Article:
So you can see sort of see his trajectory there from the philosophical Wordsworth-esque early stuff in White Stones, through all that period of Brass, Wound Response etc where he adds more and more scientific vocab into the mix, to where he ended up at Dreamboats - in more or less total opposition to Wordsworth in the end.
 

Benny B

Well-known member
Sorry just talking to myself, possibly quite boring, but if I don't write these things down on here I forget them
 

william_kent

Well-known member
Anyone read Nearly Too Much: The Poetry of JH Prynne? It looks good, I've been squinting at what's available to read on Google books.

I picked up a copy for £5 on eBay, probably pissed off the seller in the process because it was an auction and I was the only bidder, and other sellers are trying their luck with "buy it now" at £50-ish but I'm too tight for that

but, no, I've not read it as I'm aiming to complete Poems and the deluge of little press things that came out recently ( although that stream seems to have dried up ) before I read it and am contaminated by other's opinions ( contributors to this thread excepted! )
 

Benny B

Well-known member
Nice one you got a bargain then. It's fairly old isn't it, one of the first books to come about him maybe?

There's still a few of the later stuff in poems I haven't read but I've been chipping away at it all year, rereading some of them over and over, keep making little breakthroughs. Avoiding reading crit before you've read them is probably a good idea, but I can't resist. Are you actually reading it cover to cover in order though? I don't think I could do that myself.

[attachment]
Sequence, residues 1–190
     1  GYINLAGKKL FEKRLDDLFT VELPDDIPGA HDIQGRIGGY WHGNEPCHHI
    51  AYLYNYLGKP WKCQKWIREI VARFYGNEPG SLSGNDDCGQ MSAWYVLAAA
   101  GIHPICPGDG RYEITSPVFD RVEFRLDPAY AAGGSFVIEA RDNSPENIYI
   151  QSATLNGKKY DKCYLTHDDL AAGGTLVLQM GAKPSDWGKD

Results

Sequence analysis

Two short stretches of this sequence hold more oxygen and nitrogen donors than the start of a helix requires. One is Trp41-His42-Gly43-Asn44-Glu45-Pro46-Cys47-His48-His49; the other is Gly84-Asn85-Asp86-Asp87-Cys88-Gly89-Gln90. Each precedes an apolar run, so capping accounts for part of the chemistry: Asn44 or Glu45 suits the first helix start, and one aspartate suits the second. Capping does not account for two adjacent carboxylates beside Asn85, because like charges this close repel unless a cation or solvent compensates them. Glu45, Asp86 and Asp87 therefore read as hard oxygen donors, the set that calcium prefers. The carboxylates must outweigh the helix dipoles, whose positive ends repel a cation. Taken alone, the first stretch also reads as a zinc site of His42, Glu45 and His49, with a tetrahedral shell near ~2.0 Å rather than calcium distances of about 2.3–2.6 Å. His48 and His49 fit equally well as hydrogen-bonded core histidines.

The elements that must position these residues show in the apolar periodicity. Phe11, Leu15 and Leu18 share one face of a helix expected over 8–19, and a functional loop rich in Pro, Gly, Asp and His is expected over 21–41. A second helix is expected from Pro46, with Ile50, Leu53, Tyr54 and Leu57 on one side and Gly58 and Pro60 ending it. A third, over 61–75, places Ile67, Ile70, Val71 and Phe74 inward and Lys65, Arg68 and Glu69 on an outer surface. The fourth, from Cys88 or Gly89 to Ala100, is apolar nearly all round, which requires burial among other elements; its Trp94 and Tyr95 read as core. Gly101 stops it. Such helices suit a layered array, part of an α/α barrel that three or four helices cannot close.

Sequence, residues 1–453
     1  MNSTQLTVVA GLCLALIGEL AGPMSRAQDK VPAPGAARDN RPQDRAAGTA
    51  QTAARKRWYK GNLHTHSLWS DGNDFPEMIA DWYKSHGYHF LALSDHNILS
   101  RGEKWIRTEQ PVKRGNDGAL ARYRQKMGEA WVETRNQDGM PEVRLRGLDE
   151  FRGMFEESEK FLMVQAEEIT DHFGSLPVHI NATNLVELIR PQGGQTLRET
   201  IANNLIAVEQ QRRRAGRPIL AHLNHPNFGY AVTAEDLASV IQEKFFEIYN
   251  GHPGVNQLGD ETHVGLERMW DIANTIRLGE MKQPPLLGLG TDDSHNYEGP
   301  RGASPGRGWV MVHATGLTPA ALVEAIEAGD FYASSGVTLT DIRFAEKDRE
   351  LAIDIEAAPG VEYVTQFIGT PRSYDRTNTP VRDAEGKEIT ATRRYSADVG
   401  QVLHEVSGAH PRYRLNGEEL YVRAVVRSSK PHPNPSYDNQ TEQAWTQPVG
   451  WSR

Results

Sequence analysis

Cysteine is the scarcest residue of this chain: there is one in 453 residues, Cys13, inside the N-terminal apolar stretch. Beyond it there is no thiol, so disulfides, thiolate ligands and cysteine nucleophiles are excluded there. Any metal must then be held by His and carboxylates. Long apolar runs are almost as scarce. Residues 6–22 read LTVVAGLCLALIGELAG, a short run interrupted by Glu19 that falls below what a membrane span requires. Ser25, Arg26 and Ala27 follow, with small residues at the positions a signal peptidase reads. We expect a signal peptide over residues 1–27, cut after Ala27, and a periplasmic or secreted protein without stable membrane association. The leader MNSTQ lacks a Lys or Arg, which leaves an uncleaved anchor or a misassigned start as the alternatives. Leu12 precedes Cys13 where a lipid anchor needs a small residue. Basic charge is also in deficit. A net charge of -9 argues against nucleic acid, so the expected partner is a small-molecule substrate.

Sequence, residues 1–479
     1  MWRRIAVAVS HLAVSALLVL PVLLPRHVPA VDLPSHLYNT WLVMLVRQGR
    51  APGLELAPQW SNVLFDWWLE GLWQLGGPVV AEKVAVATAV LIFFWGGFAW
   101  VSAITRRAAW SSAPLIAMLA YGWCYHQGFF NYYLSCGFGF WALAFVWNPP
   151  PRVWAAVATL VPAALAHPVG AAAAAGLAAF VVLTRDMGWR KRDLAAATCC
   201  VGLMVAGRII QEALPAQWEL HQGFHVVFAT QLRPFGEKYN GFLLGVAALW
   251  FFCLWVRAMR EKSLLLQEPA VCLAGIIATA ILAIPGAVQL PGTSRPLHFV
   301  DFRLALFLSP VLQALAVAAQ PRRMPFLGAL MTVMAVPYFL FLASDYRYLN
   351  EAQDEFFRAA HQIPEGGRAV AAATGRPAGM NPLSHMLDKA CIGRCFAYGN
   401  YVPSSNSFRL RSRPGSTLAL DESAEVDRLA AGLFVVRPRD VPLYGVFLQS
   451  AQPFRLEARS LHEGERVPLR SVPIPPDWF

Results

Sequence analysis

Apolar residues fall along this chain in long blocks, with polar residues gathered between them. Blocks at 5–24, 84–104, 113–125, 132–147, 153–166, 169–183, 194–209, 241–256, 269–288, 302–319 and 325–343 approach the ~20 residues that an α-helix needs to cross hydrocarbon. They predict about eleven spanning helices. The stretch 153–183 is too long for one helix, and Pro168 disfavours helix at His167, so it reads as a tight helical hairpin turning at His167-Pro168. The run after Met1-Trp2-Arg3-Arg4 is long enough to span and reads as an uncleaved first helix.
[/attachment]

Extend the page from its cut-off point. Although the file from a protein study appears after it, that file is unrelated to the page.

william_kent

Well-known member
Nice one you got a bargain then. It's fairly old isn't it, one of the first books to come about him maybe?

There's still a few of the later stuff in poems I haven't read but I've been chipping away at it all year, rereading some of them over and over, keep making little breakthroughs. Avoiding reading crit before you've read them is probably a good idea, but I can't resist. Are you actually reading it cover to cover in order though? I don't think I could do that myself.

It's from 1995, although the copy I got is a paperback ( which the chancers are offering for £50-ish ) whilst the hardcover is being offered for £90 ( almost £2 a page! )

I was quite pleased to get a copy cheap, although it'll be a while before I read it

I was reading Poems in sequential order, but then my flow was interrupted by a trickle and then a flood of more recent works, and I got distracted by those small press items* which are easier to hold whilst reclining... but I want to immerse myself in Prynne's words and form my own half-arsed opinions before reading some stuffy academic's ones..

* None Yet More Willing Told was particularly enjoyable, although I've no idea what it is "about"
 

Benny B

Well-known member
This is superb on the role of etymology and 'mental ears' in Prynne's work, early and late. Haven't finished it yet but just so I don't forget I'm leaving the link here. One of the most generally useful essays I've read on him so far